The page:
We’re besties with our suppliers. Our team is always looking to get the fairest and lowest prices for our customers — and work to make sure that we’re always looking to help you cut costs. You already have a great product — allow us to make it a carefree manufacturing experience.

Standing Behind the Work

The contract manufacturer you choose should stand behind their work. A trustworthy company will offer fulfillment services, help you troubleshoot issues and look to help with any issues that may arise during ANY stage of production.

Finding YOUR contract manufacturer of course starts with a call. We hope you consider us for your production and know that once you’ve had a chance to see our facility, meet the team and learn about what makes us different, you’ll look no further than Conelec.

 

US Based Electronics Assembly: Why It’s Making a Comeback

by Conelec Team Conelec Team No Comments

We hear about it all the time. On tv, websites or on covers of newspapers in our grocery stores; manufacturing is nearly gone in the US. The perception is that overseas, especially in places like China, it’s just cheaper to produce your goods. Lower wages, more workers and cheaper cost of goods. BUT, that’s not the case anymore. Let’s go over some myths you may have heard recently about electronic manufacturing and why Conelec can compete with anyone when it comes to price and quality.

 

Myth: All US-based companies are moving manufacturing overseas. 

This may have been more true 10 years ago but with recent reports talking about the growing number of companies expanding their capabilities stateside:

U.S. firms that have long operated abroad are making similar moves: Caterpillar, GE and Ford are among those that have announced that they’re shifting some manufacturing operations back to the United States. And economists are signaling the beginning of a major renaissances for American manufacturing. – Washington Post

What does this mean for you? IF you were considering producing a product stateside, you can now feel reassured that the product can be produced at an affordable rate and will be more readily available for inventory purposes.

 

Myth: Workers are way cheaper in China than the U.S. 

Back in 2006, the gap between workers was about $17 dollars. Pretty substantial amount. But as of 2015, the gap has shrunk to $7 bucks. This mostly from the increased wealth of China and the demand of workers for more money. Dan North, an economist talks about companies thought process with the lower gap between countries:

If you’re a U.S. company and the advantage is only $7 per hour, suddenly it may be worth staying home,” North says. “If I stay here, I have lower inventory costs, lower transportation costs. I’m closer to my market, I can have higher-quality production and I can keep my technology.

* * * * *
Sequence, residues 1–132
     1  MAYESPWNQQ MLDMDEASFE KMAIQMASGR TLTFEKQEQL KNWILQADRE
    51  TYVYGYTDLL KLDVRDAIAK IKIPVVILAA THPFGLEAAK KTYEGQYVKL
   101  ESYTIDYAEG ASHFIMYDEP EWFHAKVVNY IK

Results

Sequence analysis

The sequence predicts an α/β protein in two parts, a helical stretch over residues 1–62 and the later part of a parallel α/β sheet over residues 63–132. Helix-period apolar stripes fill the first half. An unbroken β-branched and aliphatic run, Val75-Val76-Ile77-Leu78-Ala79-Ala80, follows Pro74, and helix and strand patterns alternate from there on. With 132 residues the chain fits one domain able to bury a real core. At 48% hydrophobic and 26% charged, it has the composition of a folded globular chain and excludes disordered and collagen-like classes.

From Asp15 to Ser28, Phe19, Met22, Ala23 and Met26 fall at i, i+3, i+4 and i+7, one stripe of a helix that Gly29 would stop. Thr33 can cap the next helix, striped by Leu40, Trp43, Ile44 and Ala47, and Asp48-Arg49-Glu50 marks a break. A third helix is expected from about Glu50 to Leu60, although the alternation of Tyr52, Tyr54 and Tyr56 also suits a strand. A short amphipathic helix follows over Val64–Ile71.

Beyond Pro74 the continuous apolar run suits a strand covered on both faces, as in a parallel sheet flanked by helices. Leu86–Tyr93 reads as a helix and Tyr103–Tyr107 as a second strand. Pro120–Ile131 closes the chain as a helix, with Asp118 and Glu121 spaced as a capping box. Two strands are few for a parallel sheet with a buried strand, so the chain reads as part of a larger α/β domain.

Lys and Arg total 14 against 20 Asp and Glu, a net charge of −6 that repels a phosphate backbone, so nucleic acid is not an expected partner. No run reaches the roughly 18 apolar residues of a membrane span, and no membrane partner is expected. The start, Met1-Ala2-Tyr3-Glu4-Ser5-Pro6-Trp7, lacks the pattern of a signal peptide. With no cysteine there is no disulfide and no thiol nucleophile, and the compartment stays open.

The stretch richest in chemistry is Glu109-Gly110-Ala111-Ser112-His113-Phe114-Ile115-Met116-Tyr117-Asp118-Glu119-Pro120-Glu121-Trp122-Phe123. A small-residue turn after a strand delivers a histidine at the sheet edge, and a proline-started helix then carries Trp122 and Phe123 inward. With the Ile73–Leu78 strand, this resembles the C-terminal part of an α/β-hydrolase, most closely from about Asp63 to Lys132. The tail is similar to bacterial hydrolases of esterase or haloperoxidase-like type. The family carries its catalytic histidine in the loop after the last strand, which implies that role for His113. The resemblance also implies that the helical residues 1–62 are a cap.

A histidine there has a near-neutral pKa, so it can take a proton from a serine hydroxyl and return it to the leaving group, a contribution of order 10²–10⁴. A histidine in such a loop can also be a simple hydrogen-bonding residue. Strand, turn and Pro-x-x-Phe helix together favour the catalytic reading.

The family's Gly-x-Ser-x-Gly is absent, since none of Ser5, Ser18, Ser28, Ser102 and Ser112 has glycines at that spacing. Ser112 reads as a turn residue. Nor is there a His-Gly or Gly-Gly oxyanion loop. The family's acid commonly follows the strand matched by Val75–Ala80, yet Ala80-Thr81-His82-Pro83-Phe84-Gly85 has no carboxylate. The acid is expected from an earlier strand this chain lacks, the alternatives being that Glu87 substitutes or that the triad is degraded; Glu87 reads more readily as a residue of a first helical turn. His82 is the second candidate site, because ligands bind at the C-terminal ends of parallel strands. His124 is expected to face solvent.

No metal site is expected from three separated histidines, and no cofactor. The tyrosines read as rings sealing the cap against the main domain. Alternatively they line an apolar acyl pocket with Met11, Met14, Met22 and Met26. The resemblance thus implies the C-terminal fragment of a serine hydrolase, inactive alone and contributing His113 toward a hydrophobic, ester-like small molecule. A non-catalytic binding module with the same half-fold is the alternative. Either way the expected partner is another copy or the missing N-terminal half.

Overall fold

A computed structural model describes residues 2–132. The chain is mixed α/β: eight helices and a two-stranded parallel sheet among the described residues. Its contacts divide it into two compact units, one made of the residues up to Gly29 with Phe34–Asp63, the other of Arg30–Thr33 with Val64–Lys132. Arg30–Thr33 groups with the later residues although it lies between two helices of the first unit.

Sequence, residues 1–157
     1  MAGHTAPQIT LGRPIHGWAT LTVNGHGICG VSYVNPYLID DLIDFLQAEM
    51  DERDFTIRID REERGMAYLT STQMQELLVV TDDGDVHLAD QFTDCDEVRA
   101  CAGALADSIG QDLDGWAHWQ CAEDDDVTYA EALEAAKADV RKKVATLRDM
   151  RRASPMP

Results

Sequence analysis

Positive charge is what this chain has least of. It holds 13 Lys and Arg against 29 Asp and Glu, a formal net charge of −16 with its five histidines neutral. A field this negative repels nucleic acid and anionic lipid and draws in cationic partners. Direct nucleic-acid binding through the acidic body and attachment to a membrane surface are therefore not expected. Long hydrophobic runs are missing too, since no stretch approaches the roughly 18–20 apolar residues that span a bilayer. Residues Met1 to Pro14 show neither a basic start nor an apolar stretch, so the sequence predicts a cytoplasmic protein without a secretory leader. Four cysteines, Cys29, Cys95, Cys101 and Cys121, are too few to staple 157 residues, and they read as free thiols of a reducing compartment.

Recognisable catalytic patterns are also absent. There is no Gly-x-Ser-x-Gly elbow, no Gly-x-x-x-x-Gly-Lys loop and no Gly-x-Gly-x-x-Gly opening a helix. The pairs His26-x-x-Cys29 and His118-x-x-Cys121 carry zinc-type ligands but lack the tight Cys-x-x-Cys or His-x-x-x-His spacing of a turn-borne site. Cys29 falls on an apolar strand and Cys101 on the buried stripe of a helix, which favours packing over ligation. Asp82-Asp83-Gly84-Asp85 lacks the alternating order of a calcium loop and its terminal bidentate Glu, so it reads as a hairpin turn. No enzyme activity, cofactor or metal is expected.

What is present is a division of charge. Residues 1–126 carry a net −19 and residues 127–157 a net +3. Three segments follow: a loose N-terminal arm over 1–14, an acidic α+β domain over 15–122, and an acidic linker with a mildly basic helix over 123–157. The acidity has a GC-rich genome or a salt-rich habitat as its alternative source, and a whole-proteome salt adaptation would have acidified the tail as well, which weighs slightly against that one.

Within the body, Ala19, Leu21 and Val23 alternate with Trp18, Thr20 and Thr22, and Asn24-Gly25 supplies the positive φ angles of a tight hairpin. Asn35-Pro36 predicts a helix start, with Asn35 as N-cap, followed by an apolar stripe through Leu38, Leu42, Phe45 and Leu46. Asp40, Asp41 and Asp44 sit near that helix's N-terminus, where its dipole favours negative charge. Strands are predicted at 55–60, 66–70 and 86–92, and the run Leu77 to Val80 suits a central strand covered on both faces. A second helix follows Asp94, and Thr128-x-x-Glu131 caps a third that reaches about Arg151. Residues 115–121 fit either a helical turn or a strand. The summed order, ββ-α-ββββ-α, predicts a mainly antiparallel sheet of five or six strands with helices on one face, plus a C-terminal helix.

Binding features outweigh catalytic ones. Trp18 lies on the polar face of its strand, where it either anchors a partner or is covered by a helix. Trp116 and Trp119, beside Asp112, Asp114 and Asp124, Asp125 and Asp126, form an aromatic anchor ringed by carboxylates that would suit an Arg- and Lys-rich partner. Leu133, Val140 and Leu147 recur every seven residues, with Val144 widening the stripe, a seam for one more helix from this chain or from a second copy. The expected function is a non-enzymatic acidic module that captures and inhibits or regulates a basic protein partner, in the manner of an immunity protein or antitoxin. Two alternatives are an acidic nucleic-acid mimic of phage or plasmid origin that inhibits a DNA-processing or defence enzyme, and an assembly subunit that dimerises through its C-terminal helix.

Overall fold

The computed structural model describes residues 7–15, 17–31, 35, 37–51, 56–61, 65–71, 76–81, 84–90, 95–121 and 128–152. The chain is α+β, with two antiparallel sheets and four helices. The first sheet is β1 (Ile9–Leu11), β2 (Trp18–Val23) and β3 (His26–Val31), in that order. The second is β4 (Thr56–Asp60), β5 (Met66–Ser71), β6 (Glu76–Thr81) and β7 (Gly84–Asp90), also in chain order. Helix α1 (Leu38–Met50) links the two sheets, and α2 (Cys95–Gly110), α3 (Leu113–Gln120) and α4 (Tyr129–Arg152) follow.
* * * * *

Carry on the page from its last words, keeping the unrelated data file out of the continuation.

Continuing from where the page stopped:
There’s a lot of things that go into making a decision on where to produce goods but quality should always be on your mind. Being able to walk the plant producing your goods should always be on your mind. Being able to pull inventory affordably off the shelf should always be available. You never know what your demand forecast can change to and having some stateside (hi!) can help save you money and save you headaches.

 

Myth: It’s cheaper to produce goods in Europe or Japan. 

Another case of maybe in the past but many companies are moving their operations to the States for cost-cutting. IKEA just opened up a facility in Virginia to cut shipping costs. Nissan, Honda, and Toyota are ramping up their exports.

 

Myth: The US is dominated by big manufacturing companies that drive costs up.

In the past, companies like Dupont would handle every aspect of production – but now with so many smaller companies springing up and having success. A compete landscape is better for everyone. Especially those looking to produce their goods stateside.


We want to be your electronic manufacturer. Come for a tour of our facility. We know once you see it, meet our team and hear our strategy to produce the highest quality product for your business— you’ll choose us for all your needs. Call us today: 386-873-3800 or email: info@conelec.net.

VMA: Lou Fifer Scholarship Recap

by Conelec Team Conelec Team No Comments

We had a fantastic time meeting some great companies at the Lou Fifer Tournament. We had a ton of fun.

What is First Pass Yield and Why Does it Matter?

by Conelec Team Conelec Team No Comments

You’ve probably heard the term used before or if you haven’t, thanks for coming to our site for more info. We’re Conelec, we offer turnkey electronic manufacturing services and we’re located in Sunny Florida.

So, First Pass Yield an important metric for measuring quality and production performance in manufacturing. There are loads of benefits to including it, such as measuring the effectiveness of a process and eliminating waste. The significance really comes into play when we talk about reworks. In most facilities, reworks can be a huge time and COST burden on final production. Using the First Pass Yield metric can help prevent hidden costs and eliminate untimely reworks. We have a ton of data on hand and go over our month-to-month results with you. You’ll be super impressed.

On top of minimizing additional costs, First Pass Yield can measure success of continuous improvement activities. You’ll see with some manufacturing companies that they’ll introduce initiatives to reduce waste and inefficiency but still not measure the effectiveness of it without first pass yield analysis. It’s truly one of those things, if you’re going to do one, why not do the other?

Conelec focuses and prominently displays our monthly analytics on our shop floor. Our team talks, discusses and constantly looks for ways of improvement. We continue to look for improvement to constantly pass more value, more incentives and better results to our customers.